And why do you think they called it "The Big Red Machine?" With sluggers throughout their lineup, those Cincinnati Reds teams were huge draws at home and on the road.

The San Diego Padres would just settle for more home fans, but unlike the Mets, the Padres blew it this season.

San Diego decided earlier this winter not to shorten the fences at its beautiful, yet outrageously large ballpark, called Petco Park. Not only did the Padres finish last in the NL West last season, they were offensively boring while doing so.

Only three teams in the Major Leagues managed fewer runs in 2011 than the Padres. It didn't help their cause that they dealt splendid hitter Adrian Gonzalez to the Boston Red Sox during the offseason.

But what contributed to the Padres' offensive issues as much as anything was their home ballpark. From home plate to the fences, it is 334 feet down the left-field line, 367 feet to left field, 401 to the left-field alley, 396 to center, 400 feet to the right-field alley, 382 feet to right field and 322 feet down the right-field line.

The 2011 Padres hit .221 at home and .252 on the road, but in response to that wide gap, they preferred to hire their sixth hitting coach since Petco Park opened in 2004, instead of altering the fences.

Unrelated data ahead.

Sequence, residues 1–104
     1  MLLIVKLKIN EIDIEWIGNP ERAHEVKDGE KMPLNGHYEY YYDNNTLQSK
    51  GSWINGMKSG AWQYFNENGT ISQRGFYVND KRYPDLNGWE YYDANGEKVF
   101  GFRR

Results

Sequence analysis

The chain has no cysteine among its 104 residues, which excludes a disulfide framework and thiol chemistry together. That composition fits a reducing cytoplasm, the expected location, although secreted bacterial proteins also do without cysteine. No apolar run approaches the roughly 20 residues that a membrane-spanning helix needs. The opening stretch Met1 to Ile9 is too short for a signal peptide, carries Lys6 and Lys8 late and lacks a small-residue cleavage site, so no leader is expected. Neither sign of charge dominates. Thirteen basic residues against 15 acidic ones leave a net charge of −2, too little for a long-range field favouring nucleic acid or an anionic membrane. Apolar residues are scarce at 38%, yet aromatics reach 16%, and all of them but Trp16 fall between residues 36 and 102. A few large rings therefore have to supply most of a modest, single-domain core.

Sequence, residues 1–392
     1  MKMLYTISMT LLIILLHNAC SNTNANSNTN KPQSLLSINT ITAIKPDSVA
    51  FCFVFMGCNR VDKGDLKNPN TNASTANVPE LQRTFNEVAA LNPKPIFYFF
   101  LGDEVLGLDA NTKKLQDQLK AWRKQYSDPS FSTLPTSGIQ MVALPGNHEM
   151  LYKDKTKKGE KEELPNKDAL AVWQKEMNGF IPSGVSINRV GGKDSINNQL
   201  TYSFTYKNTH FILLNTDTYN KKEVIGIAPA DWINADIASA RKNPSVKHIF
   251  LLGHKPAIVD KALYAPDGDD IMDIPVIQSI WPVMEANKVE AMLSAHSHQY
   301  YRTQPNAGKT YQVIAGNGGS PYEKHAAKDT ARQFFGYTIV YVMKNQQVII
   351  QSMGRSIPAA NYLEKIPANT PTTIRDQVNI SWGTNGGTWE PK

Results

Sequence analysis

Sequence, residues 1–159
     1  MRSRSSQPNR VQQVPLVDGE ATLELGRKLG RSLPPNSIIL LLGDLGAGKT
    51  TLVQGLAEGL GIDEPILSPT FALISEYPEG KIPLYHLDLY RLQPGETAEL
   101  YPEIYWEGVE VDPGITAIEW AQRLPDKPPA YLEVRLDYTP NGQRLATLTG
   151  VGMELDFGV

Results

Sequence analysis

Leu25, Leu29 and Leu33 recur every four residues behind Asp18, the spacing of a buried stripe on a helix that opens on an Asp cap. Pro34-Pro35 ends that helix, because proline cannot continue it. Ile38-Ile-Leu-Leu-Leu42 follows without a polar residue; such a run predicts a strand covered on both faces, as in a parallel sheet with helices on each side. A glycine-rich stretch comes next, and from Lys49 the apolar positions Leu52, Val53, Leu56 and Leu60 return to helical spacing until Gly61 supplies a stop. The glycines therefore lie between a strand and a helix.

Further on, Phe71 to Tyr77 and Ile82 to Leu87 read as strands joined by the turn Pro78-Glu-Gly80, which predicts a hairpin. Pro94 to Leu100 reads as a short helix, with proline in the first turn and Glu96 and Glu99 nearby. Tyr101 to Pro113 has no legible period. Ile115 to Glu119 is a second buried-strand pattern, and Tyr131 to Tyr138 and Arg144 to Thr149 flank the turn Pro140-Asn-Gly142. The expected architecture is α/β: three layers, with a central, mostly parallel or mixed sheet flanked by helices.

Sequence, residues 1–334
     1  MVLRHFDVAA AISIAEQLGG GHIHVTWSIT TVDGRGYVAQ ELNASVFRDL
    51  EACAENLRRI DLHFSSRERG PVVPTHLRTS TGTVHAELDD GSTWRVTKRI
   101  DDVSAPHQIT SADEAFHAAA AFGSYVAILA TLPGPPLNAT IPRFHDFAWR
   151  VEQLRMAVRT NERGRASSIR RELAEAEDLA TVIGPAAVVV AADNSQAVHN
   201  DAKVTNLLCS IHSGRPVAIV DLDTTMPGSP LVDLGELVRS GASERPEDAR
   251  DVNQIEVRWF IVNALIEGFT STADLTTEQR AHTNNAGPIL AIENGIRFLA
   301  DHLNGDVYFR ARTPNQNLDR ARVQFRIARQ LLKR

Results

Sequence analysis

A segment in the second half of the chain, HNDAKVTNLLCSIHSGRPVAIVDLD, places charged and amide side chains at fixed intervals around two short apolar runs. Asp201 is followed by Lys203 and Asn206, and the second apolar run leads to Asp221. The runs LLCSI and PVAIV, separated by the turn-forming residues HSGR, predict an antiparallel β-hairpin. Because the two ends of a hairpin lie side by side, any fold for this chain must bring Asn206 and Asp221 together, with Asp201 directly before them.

Phil Plantier, that new Padres hitting coach, told USA Today that he wants his players to use Petco's vastness to their benefit. "Line drives work no matter where you're playing," Plantier told the paper, which is true.

So is this: Home runs are better.

The only ballpark in the Majors that allowed fewer home runs per game last season than Petco Park (1.23) was AT&T Park in San Francisco (1.00). That said, the Giants continue to pack fans into their sparkling gem by the Bay, and they also won the World Series just two seasons ago with a heavy emphasis on pitching.

But AT&T Park still needs offensive tweaking.

In fact, the Giants' Mark DeRosa told reporters last season, "Maybe you don't move the fences in. But I think you saw maybe two balls go out to right-center this year. So they definitely should cut the corner. Have another wall go across.

"Maybe put something nice back there. I don't know. Does San Francisco have a city tree?"

I don't know about a city tree for San Francisco, but I do know that Seattle has a city flower. It's called the Dahlia, and at times, Mariners fans get more excitement out of watching those flowers grow during home games than studying their team at the plate.

The Mariners have ranked among the worst offenses in baseball over the past two seasons, and there is no help is in sight. Free agents want no part of ballparks with distances such as 390 feet from home plate to the left-field alley, and 387 to the right-field alley.

Readers were asked during a recent poll on if the Mariners should move in the fences at Safeco Field, and 21 percent of the near 2,000 respondents said no. Sixty-seven percent said yes.

So what's the problem?

Terence Moore is a columnist for This story was not subject to the approval of Major League Baseball or its clubs.